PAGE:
Adult female. Photo: Wikimedia

This small songbird from western Mexico has been flirting with the Arizona border since the early 1970s. It has appeared in many different canyons in southeastern Arizona, and it has been known to nest there a number of times. Its occurrence is still erratic, however, and it does not seem to become permanently established in any one locality. In feeding and nesting behavior, it is quite similar to our other gnatcatchers.
Family Gnatcatchers
This small songbird from western Mexico has been flirting with the Arizona border since the early 1970s. It has appeared in many different canyons in southeastern Arizona, and it has been known to nest there a number of times. Its occurrence is still erratic, however, and it does not seem to become permanently established in any one locality. In feeding and nesting behavior, it is quite similar to our other gnatcatchers.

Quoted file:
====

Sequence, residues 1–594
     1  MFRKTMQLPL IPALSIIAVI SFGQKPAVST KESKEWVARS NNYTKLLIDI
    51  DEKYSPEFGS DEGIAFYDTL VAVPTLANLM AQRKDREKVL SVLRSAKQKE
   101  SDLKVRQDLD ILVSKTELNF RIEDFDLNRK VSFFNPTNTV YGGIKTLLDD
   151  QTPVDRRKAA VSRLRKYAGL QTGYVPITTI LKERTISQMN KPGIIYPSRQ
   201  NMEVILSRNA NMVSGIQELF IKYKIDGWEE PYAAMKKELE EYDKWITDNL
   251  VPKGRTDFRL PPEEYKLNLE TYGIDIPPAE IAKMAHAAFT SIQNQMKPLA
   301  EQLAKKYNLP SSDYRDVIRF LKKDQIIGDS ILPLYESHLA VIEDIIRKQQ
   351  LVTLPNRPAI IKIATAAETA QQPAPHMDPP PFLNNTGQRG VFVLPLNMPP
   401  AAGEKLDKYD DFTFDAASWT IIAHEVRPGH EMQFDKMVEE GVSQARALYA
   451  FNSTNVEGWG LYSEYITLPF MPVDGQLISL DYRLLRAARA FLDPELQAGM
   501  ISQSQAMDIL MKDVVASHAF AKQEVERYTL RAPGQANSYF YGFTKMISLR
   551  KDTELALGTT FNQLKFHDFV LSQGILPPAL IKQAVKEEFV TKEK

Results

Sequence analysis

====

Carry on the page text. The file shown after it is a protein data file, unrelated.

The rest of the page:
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Illustration © David Allen Sibley.
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Text © Kenn Kaufman, adapted from
Lives of North American Birds

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Songs and Calls

Buzzy and whining calls like those of Blue-gray Gnatcatcher.
Audio © Lang Elliott, Bob McGuire, Kevin Colver, Martyn Stewart and others.
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